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DAILY NEWS, Wednesday, February 6, 1974, page 4C

Oink Your Heart Out,
Chase Manhattan

     Some people put their money in the bank and get 6%. Others put it in stocks and get ulcers.
     Bernard Danenberg, who has scads of it, puts his money in piggy banks. Yesterday, he put $700 into one. That's what it cost him to buy Paddy and the Pig, one of 64 mechanical banks auctioned at the very prestigious Parke-Bernet Galleries at 171 E. 84th St.

News photo by Richard Corkey
Geraldine Van Der Kwast and Uncle Sam bank.

          Hopes to Sell for Twice the Price
     By the time Danenberg finished wiggling his bidding paddle to catch auctioneer West Thorn's attention, he had invested upwards of $10,000 in more than a dozen banks, none of which cost more than a dollar to produce when they were manufactured 80, 90 or even 100 years ago.
     Shrugging off the suggestion that it seemed to an inordinate sum to be spending on what seemed to be tired old toys, Dannenberg, an art dealer, replied, "I'll put these things down in my cellar for two years, get them out, dust them off and sell them for twice what they cost me."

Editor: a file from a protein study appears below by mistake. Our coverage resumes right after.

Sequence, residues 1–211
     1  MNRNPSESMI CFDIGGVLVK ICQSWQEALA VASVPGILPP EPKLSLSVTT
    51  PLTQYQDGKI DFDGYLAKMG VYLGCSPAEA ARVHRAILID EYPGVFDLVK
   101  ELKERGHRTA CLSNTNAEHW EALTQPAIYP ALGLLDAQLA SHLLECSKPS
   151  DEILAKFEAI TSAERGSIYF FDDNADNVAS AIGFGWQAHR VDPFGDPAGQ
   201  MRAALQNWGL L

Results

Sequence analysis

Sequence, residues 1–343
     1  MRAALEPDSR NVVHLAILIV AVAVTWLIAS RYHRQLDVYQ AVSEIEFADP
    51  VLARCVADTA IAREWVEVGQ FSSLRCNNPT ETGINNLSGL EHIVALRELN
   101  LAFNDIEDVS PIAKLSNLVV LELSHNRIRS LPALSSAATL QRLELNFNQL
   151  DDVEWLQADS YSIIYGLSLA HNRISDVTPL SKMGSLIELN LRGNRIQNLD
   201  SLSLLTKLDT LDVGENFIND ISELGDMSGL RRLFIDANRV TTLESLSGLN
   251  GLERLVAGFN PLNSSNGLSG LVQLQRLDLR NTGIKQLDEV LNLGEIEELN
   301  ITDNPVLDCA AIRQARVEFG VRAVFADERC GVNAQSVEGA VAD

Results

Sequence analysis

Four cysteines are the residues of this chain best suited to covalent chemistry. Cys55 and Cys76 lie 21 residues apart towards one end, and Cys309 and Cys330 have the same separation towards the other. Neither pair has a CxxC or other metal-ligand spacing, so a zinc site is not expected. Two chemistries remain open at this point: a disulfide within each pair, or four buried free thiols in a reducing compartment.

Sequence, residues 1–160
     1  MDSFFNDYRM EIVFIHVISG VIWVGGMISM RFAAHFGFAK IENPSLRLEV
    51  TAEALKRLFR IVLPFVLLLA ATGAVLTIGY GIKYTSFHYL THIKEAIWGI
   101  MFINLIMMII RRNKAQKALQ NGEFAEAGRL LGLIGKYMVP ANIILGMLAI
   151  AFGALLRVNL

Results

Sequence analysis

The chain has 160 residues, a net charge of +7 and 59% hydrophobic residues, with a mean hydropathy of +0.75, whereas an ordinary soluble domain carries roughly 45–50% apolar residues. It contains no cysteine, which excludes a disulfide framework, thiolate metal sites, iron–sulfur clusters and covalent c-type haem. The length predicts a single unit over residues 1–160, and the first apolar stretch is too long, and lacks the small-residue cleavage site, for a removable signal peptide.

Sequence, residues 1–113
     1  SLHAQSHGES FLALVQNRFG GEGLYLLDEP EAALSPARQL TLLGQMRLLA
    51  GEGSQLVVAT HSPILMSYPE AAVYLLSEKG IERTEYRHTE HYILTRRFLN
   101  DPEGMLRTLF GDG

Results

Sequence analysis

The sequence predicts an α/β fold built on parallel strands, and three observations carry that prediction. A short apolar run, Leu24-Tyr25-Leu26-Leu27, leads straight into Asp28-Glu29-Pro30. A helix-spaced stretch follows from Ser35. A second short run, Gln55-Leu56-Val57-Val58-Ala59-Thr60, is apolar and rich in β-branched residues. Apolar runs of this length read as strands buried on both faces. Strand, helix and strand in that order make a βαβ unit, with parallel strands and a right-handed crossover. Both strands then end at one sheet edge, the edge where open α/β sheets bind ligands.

In two years, the reasoning goes, the country will be marking its bicentennial and Americana will be very big. And very profitable.
     On the other hand, Mark Haber, a rich and retired man from Wethersfield, Conn., got up at 5:30 yesterday morning to make sure he caught the bus to get here on time for the auction.
          Day's Biggest Buy
     Then, he laid out $2,200 the day's biggest bid for a trifle of a bank called "Girl in Victorian Chair." Seeing it in an antique shop window, you might put its value at $40.
     "It's worth it because I wanted it," Haber said, explaining that he was offered $2,500 for it minutes after he'd bought it.
     One guy who was shut out when the bidding hit $500 shook his head and remembered what another man said when someone asked why he climbed Mount Everest.
     "Because it's there," the man said.

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